Entertainment Weekly made a splash lately by featuring a list of “The Sci-Fi 25: The Best Movies and TV from the Past 25 Years.” I thought it was a decent list, despite its inclusion of several weird items like Total Recall and Quantum Leap. No one is ever going to agree on all the items in a list like this, particularly if they are ranked in order of preference. The fact that I agreed with a solid 9 of the selections seemed better than average to me.
So I was surprised when Jim Macdonald over at Making Light wrote a derogatory post about the list, which the commenters mostly agreed with. Most of the criticism was directed at individual works that either should or shouldn’t have been on the list, with the occasional quibble about the ranking order. This seemed like easy pickings criticism to me. Where were the alternate lists?
When Bill over at Candleblog posted his challenge to readers to come up with their own lists, that tore it — I had to make one. Unfortunately for my eyes and back, I wanted to make sure to do it RIGHT (or at least distract myself from work stress for several hours), so I looked through the entire IMDB database of “sci-fi” from 1980 to 2007 (over 6,000 titles!) to make sure I was remembering everything I had seen in the relevant time period. The following is the result of my labors. I figured choosing 25 out of thousands was hard enough, so the list is NOT ranked by preference.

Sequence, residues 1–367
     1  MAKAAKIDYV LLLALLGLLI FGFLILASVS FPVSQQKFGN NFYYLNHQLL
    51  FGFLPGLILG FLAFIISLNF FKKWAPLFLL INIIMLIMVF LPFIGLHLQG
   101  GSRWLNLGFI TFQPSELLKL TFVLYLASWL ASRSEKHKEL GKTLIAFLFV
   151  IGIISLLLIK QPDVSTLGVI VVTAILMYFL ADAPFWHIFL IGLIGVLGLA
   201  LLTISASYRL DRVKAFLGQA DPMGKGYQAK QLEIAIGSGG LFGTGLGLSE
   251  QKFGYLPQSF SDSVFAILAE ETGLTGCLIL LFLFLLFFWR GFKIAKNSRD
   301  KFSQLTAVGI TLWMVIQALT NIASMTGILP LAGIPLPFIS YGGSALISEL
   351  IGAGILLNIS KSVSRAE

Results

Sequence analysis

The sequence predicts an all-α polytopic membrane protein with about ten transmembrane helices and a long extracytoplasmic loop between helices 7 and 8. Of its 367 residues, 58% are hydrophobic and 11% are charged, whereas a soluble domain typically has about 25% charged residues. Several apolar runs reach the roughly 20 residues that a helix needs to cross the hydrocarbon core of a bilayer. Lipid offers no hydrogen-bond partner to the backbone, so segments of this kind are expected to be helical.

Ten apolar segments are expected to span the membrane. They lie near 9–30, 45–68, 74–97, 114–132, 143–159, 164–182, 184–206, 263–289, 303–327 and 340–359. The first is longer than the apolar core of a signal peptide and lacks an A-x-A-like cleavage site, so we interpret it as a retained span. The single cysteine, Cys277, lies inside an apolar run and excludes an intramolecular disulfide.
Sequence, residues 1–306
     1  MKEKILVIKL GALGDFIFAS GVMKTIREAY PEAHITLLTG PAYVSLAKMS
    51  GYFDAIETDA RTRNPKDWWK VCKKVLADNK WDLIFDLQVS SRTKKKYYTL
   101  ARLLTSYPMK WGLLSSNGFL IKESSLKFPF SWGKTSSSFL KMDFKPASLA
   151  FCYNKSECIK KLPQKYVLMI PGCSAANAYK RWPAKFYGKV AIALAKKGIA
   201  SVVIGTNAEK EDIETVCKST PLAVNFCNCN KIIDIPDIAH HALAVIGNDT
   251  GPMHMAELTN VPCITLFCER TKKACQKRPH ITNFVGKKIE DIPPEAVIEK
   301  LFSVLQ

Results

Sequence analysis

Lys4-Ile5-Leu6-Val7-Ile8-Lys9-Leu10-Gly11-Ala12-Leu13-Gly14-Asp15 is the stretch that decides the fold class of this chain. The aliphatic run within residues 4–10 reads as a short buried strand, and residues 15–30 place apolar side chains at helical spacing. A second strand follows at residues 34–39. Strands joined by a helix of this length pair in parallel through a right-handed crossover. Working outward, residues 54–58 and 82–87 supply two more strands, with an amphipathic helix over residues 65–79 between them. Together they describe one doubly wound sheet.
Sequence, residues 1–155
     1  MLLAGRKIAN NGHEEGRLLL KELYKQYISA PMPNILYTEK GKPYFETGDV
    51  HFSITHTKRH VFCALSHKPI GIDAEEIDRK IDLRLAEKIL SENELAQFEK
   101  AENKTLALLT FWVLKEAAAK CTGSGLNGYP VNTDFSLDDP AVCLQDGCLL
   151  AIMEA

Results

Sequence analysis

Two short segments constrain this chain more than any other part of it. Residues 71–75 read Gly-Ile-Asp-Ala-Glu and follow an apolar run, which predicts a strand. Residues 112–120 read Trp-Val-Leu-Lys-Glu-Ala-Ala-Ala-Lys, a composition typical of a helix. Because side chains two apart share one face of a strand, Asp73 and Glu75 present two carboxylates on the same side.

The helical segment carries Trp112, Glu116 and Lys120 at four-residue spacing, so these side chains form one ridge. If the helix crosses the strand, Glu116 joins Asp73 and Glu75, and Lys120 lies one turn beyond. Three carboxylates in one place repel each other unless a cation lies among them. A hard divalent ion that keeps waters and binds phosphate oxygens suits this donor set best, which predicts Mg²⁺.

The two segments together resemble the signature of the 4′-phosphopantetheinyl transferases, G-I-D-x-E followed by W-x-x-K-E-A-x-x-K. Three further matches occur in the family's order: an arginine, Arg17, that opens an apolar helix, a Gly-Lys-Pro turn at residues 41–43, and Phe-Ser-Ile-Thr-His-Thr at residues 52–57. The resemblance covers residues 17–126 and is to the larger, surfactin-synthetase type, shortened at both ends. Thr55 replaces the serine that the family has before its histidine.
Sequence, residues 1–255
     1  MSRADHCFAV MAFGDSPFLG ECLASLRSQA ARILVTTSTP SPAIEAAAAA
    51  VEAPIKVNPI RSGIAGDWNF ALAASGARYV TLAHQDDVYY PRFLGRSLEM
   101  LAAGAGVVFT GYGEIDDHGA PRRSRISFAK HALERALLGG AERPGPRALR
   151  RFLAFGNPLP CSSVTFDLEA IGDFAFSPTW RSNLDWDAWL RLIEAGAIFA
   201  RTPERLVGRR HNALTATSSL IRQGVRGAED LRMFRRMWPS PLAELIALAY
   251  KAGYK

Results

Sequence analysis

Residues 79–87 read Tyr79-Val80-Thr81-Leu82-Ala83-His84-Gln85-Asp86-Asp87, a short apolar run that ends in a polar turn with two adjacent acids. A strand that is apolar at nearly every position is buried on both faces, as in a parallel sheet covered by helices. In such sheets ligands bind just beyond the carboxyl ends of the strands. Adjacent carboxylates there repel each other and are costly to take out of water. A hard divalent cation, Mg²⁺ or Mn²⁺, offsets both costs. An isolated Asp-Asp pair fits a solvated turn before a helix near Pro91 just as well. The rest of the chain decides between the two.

Aeon Flux (the cartoon)
Aliens (non-director’s cut)
Battlestar Galactica (Ronald Moore version)
Blade Runner (director’s cut)
Castle in the Sky
Children of Men
Donnie Darko (non-director’s cut)
Ghost in the Shell (1 & 2)
Nausicaä of the Valley of the Wind
The Brother from Another Planet
V for Vendetta
After compiling my list, and reading large chunks of the comments on EW’s blog post and at Making Light, I was most amazed that hardly anyone else mentioned Tron! That movie was the shit back in ’82, and had some amazing special effects given that it was all done with overlays, crayons and a lot of prayer. (Just kidding, but check out the special edition DVD for an account of the often low tech way they created the “computerized” look of things.)
To me, this proves the worth of my research method: don’t assume you’re going to remember everything that’s worth remembering. Instead, go and check!